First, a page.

When we last left Sean Gillane and his merry band of San Francisco pranksters, they were shooting green screen footage on the street, guerilla filming at the foot of the Golden Gate Bridge, and generally trying to stay one step ahead of the law. In the meantime, I went to Los Angeles to work with Paul Osborne. But the schedule, as it sometimes does, took me back through San Francisco. Knowing that CXL was designed to shoot in chunks, I got ahold of Sean to see when they were filming next. As luck would have it, the next shoot dates coordinated perfectly with my trip through town.

And that’s how CXL became the first repeat film in A Year Without Rent. A person could win a lot of bar bets with that little bit of trivia. Of course, if you managed to find someone who cared enough about A Year Without Rent to wager on it, they surely will have read this.

There’s something disorienting about coming back to a project after some time on another one. You recognize everyone, so there isn’t that day where you have to explain to everyone what exactly it is you’re doing. The familiarity is nice. You’ve even shot in this location before, so you know where everything is.

Sort of.

Because there’s still that other film that you just worked on. Was it all a dream? Did you really drive from San Francisco to Los Angeles and back? How long were you gone? Is this Narnia?

Everything has changed, but everything is the same.

Which is maybe why I spent 5 minutes looking around Sean’s apartment for the china ball, only to realize that this film doesn’t have a china ball. And why I spent another 5 minutes at craft services trying to find one of the Vuka Energy Drinks we had in Los Angeles. I liked them. Why are they not on this shoot?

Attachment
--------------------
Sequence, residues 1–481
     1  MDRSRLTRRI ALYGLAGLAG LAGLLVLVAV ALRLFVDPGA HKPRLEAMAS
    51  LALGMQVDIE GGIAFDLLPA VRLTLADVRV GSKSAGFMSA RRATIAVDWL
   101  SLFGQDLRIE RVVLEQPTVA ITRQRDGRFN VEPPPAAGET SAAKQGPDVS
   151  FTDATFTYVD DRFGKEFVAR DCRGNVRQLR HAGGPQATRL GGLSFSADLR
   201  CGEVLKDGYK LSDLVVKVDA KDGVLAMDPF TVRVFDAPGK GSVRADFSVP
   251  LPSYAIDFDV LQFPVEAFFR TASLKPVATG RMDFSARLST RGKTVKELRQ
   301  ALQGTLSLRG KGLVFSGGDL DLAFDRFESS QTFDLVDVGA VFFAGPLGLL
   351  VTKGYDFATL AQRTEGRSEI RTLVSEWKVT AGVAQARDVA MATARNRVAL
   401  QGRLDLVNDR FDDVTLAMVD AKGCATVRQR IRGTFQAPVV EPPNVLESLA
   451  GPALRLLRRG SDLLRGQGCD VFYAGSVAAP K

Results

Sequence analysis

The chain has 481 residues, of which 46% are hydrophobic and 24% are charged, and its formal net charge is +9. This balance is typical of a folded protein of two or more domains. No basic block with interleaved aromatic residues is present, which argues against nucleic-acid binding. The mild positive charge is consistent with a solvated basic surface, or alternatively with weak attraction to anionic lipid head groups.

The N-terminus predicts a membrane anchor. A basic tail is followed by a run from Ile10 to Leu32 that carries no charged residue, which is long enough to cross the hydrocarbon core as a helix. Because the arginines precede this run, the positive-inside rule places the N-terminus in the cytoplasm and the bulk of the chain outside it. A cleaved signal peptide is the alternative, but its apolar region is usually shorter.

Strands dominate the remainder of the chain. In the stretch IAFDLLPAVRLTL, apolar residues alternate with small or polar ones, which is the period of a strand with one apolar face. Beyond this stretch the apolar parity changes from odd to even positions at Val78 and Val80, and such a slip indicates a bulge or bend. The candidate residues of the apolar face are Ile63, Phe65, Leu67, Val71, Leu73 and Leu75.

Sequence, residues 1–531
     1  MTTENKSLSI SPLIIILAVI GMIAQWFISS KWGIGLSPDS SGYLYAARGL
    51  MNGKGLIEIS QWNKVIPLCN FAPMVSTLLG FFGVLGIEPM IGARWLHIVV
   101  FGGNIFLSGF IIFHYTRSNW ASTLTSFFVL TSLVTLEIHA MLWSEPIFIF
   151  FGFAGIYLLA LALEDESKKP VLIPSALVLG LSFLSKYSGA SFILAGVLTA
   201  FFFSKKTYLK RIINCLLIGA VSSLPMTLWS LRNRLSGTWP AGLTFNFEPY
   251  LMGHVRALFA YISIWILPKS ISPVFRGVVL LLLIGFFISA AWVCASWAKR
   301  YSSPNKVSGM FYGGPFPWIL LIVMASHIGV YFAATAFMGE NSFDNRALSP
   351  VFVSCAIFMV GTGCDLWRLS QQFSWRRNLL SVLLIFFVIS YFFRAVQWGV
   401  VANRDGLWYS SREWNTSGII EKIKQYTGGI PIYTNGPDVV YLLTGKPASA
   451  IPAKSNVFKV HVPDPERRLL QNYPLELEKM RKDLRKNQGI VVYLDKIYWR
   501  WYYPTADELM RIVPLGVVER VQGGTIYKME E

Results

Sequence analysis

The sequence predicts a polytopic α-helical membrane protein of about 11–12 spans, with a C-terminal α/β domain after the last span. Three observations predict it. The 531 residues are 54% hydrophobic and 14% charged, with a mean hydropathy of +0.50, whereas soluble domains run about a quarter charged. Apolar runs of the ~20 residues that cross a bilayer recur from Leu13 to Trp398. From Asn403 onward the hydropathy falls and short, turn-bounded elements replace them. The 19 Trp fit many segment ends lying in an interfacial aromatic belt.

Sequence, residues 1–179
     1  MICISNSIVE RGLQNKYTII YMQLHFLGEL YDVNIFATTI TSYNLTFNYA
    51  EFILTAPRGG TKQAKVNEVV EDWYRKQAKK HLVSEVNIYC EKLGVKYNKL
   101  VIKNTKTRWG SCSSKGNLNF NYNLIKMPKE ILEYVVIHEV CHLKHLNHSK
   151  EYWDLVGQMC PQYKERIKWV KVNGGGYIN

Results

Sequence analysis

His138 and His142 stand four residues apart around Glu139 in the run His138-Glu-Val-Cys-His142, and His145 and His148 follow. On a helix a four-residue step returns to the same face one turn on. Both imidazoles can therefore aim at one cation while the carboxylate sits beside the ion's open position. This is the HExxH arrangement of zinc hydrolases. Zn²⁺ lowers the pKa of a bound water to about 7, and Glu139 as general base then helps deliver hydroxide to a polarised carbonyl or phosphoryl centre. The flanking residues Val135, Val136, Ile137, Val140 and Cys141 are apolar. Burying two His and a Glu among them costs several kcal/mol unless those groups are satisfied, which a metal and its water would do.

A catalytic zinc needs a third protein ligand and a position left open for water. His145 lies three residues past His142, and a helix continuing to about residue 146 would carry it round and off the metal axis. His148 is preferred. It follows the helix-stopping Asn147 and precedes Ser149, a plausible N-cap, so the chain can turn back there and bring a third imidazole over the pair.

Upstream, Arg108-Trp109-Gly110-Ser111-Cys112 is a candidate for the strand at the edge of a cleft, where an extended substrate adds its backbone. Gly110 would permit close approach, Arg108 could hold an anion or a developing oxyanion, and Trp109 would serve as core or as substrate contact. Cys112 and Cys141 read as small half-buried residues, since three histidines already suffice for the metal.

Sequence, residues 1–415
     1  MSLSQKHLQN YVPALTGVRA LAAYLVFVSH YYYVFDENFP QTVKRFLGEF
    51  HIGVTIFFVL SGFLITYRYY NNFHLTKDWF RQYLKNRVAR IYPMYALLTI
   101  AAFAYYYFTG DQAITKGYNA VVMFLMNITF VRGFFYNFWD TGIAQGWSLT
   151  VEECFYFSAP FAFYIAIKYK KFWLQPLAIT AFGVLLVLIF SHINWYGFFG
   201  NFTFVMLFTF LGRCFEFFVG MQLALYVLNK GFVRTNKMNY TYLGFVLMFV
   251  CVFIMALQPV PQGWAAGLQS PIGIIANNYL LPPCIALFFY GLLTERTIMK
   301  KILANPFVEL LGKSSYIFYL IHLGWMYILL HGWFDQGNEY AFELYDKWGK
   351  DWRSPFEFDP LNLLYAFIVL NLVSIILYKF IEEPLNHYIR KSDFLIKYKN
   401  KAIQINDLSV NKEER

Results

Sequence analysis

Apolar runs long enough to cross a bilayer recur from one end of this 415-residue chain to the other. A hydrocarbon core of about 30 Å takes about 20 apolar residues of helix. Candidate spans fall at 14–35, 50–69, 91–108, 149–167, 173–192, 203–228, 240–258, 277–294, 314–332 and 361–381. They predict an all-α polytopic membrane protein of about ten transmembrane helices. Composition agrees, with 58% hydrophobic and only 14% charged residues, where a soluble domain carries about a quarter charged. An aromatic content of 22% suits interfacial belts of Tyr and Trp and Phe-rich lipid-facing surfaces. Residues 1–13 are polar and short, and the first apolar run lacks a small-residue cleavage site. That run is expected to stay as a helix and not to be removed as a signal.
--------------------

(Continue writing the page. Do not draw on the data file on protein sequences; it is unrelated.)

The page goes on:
It’s not so much confusing as it is mildly disorienting, which is somehow worse. There’s just enough coherence to trick you into thinking you know what’s happening.

But let’s talk about the day.

For every film in A Year Without Rent, I’m sure to ask the filmmakers beforehand for some parameters of what they don’t want seen. This almost entirely becomes a spoiler question. I usually say that I obviously don’t want to reveal your big plot twist, but if two crew members get in a fight, then that’s obviously a different story.

CXL probably has the most interesting thing on their “don’t show this” list (so far). All I can say is that it’s a striking visual that is a massive spoiler and the first thing you’d want to put on the poster. You can probably guess how much of a dilemma that puts the production in. On the one hand, you want to protect your movie and the viewing experience for your audience, but the thing you most need to hide very well may be the thing that draws in the most audience. It’s like if you made SE7EN for $50,000 but still had Kevin Spacey in it. Hide Kevin Spacey and you f**k up your marketing. Promote him and you spoil your movie. You can’t win.

Still, it’s a good problem to have.

But today we’re shooting a bunch of that spoiler stuff. It looks really cool and the process behind it is pretty awesome and essentially perfect for one of these blog posts.

There came a point in the day where I said to Sean, “hey, I’m just going to start taking pictures of this and not run them because you’re definitely going to want them later.”

That struck everyone as a good compromise. There’s plenty of time to figure out what to do with them.

Filmmaker Lucas McNelly is spending a year on the road, volunteering on indie film projects around the country, documenting the process and the exploring the idea of a mobile creative professional. You can see more from A Year Without Rent at the webpage. His feature-length debut is now available to rent on VOD. Follow him on Twitter: @lmcnelly.

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